Q: I am a teacher and currently off for summer break. Now that I have time to myself, what should I be thinking about over the summer regarding my estate plan? What about retirement? What actions should I be taking?
A: Summer is the best time to check items off your “to-do” list that get pushed off during the busy school year. You just spent the last ten months teaching and giving everything you have to your students. It is now time to do something for yourself, which will ultimately help you truly enjoy that summer vacation.
First, we always advise our clients that a power of attorney and health care proxy are two of the documents that almost everyone should have in place, regardless of their age or status in life. The power of attorney appoints an agent to act and make financial decisions on your behalf. This document allows your agent to conduct banking transactions, hire professionals (such as an accountant or attorney), and assist in elder law planning should you need this in the future. As a teacher, you know how easy it is to get sick or injured. The health care proxy will appoint an agent to make medical decisions on your behalf if you are unable to make those decisions on your own. You can also sign a living will, which memorializes your wishes when it comes to end of life decisions, such as restricting the use of artificial means to keep you alive.
Second, we usually advise signing a last will and testament for all individuals, regardless of whether they are married or single, and whether or not they have children. Your last will and testament gives instructions as to where you want your assets to go, which could include distributions to family members, friends, or charities. This ensures that your assets, no matter how big or small, are being left to those individuals or charities you want to provide for. Without a last will and testament, assets could end up being distributed under the New York State laws of intestacy, which provides for a line of succession as to whom is to inherit your assets after death. The laws of intestacy do not always coincide with your wishes regarding asset distribution, so it important to make sure your estate planning documents accurately reflect your wishes.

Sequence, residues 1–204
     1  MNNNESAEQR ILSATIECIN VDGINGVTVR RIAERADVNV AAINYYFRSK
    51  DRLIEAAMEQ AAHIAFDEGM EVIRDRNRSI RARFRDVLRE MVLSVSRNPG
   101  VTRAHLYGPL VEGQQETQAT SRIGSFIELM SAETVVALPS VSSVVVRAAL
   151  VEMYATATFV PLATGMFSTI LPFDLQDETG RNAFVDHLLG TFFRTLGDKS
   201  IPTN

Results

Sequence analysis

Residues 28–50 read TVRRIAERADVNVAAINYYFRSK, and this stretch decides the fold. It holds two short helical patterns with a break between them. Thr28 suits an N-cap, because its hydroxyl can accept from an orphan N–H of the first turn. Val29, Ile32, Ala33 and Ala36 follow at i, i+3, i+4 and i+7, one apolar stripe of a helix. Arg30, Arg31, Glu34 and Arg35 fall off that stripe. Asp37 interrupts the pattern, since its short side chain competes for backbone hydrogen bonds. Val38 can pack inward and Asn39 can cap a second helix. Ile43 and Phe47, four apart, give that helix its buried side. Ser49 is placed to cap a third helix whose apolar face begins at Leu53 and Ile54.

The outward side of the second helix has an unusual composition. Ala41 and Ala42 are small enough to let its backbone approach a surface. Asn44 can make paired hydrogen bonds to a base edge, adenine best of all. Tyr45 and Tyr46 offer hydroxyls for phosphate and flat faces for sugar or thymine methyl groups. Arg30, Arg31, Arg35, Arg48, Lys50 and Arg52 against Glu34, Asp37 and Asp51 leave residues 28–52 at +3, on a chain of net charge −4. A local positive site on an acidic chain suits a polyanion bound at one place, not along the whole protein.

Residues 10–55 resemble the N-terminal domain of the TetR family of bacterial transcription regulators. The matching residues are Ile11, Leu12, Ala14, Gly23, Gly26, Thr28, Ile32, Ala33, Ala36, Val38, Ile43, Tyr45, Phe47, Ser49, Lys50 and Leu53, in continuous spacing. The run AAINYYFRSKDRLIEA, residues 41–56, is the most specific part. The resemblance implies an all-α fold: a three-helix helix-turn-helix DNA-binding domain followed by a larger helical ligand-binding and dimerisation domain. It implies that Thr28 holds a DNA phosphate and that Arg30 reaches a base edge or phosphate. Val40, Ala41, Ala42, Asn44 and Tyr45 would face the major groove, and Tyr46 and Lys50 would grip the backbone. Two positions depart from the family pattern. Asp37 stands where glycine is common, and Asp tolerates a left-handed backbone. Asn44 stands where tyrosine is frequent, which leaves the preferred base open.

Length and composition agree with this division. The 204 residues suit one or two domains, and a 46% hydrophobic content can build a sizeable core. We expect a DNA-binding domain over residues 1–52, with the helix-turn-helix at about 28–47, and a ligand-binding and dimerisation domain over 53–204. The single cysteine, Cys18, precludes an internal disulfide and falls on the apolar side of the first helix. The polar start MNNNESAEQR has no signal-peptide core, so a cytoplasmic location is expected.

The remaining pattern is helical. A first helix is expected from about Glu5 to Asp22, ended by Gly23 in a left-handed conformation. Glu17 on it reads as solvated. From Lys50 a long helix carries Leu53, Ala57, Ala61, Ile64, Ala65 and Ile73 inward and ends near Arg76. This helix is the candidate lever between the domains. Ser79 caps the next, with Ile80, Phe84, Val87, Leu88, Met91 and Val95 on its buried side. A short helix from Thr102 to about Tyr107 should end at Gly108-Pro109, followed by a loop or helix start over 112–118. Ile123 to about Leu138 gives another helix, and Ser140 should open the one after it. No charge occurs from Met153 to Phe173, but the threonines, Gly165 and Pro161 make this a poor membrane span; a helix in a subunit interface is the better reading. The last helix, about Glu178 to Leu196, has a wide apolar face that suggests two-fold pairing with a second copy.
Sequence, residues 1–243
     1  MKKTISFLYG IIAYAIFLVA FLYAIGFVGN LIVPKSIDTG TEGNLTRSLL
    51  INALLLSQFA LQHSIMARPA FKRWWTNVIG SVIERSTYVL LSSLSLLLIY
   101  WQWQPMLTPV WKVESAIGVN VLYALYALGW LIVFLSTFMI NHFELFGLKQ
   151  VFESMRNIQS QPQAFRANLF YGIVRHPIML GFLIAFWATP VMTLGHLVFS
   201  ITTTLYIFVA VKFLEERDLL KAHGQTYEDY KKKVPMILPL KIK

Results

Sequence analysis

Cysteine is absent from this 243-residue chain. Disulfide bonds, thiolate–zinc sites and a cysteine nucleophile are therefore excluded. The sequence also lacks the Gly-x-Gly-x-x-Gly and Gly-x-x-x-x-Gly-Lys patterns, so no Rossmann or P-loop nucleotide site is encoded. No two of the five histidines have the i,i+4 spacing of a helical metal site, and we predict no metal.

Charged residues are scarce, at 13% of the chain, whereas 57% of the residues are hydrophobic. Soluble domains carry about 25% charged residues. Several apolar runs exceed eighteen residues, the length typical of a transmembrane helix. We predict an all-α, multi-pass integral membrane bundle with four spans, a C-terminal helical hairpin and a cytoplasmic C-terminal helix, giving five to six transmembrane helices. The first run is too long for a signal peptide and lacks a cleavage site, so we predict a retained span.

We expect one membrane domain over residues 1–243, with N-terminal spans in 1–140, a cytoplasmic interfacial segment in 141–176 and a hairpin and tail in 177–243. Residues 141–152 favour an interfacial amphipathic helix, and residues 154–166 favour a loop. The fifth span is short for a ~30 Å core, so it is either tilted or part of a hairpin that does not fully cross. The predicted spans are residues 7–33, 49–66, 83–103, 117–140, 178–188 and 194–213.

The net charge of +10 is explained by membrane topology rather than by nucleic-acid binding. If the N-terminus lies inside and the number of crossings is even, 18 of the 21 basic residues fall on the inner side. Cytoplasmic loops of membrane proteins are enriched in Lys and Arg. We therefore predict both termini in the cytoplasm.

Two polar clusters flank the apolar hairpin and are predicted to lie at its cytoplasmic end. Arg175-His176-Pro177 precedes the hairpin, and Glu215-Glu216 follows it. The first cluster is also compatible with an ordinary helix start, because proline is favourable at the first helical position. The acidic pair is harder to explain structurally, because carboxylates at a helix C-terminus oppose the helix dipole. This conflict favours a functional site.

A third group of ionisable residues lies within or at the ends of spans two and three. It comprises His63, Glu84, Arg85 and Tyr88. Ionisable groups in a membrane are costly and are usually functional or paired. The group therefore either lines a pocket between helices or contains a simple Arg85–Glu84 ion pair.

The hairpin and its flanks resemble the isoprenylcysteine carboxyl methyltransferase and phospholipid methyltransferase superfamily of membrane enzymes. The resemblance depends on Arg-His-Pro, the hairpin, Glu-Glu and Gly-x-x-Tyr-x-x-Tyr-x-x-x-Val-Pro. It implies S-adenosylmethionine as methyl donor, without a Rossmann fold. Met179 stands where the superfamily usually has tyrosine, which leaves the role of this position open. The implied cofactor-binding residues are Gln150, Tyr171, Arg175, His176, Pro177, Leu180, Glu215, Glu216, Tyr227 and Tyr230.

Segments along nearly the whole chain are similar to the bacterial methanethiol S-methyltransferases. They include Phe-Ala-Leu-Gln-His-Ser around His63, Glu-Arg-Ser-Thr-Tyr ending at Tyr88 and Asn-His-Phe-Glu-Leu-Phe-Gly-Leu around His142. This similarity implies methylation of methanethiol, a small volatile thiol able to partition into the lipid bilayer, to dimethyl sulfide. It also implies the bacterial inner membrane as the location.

Lastly, as a teacher, you may be eligible for certain retirement benefits such as a pension, 403(b), or teacher’s retirement annuity. Understanding these benefits and how they affect your future is extremely important. We therefore advise our clients to speak with a financial adviser to discuss their options and come up with a plan that ensures they are well provided for, both now and during retirement.
Getting started on your estate plan and retirement plan will help reduce the stress that so many teachers face throughout the years. To get the process started, you should contact an estate planning and elder law attorney to set up a consultation and discuss the best option that works for you.
- Michal Lipshitz, Esq. and Nancy Burner, Esq.